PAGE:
Armed men, dressed as traditional Donzo hunters, encircled and attacked the towns of Ogossagou and Welingara. UN condemns the violence.
At least 134 Fulani herders died in central Mali Saturday when gunmen attacked the villages of Ogossagou and Welingara, although authorities say the exact number of victims is still unknown, Reuters reports.
Moulaye Guindo, mayor of the nearby town of Bankass said armed men dressed as traditional Donzo hunters, encircled and attacked Ogossagou at about 4 a.m. (0400 GMT). Hours later, the group moved on and attacked another nearby Fulani village, Welingara.
“We are provisionally at 134 bodies recovered by the gendarmes,” Guindo told Reuters by telephone from Ogossagou.
United Nations Secretary-General Antonio Guterres released a statement late Saturday night saying he "is shocked and outraged by reports that at least 134 civilians, including women and children, have been killed and at least 55 have been injured."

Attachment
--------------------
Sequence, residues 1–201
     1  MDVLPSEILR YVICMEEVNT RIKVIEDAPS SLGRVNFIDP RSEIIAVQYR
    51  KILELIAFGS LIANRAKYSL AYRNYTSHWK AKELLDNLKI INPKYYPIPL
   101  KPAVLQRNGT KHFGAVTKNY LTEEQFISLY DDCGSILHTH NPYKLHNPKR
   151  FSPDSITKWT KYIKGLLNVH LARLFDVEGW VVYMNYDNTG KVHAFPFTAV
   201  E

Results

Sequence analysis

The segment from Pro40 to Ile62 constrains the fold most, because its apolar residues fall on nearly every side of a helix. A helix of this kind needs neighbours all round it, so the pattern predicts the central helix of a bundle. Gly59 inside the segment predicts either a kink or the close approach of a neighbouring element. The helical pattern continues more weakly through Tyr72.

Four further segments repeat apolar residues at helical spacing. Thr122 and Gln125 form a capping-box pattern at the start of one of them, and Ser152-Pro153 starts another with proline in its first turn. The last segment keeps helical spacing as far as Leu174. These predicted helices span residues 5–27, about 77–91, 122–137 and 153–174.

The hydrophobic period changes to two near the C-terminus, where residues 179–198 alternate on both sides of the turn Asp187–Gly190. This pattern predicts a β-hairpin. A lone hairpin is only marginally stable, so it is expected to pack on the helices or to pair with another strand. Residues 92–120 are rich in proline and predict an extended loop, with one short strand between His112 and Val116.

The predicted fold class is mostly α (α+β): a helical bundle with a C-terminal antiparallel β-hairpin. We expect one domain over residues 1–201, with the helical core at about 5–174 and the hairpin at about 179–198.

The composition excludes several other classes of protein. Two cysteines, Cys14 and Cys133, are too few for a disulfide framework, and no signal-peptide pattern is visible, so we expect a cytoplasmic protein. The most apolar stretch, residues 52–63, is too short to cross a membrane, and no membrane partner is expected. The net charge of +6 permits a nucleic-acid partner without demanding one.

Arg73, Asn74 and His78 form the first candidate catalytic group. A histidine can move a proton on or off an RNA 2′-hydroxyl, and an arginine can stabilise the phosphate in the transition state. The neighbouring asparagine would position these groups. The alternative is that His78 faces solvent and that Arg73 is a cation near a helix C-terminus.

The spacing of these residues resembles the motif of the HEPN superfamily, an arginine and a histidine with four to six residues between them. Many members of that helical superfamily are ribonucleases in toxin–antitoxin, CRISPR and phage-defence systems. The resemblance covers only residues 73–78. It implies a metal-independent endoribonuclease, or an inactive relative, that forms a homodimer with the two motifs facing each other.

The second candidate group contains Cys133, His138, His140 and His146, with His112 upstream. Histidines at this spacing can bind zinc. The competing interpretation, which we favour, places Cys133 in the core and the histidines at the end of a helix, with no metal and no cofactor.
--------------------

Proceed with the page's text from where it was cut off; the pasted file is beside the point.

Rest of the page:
Security sources had confirmed that the dead included pregnant women, children and elderly people.
The U.N. communique read that the secretary general "condemns this act and calls on the Malian authorities to swiftly investigate it and bring the perpetrators to justice."
One Ogossagou resident, who asked not to be identified, said the attack appeared to be in retaliation for an al Qaeda affiliate’s claim of responsibility on Friday for a raid last week that killed 23 soldiers.
That group said that raid was payback for violence by Mali’s army and militia against the Fulani.
Jihadist groups linked to al Qaeda and Islamic State have exploited ethnic rivalries in Mali and its neighbours Burkina Faso and Niger in recent years to boost recruitment and render vast swathes of territory virtually ungovernable.
This latest attack occurred as a U.N. Security Council mission visited Mali seeking solutions to violence that killed hundreds of civilians last year and is spreading across West Africa’s Sahel region. Although the United Nations confirmed the assault, they did not confirm the number of casualties.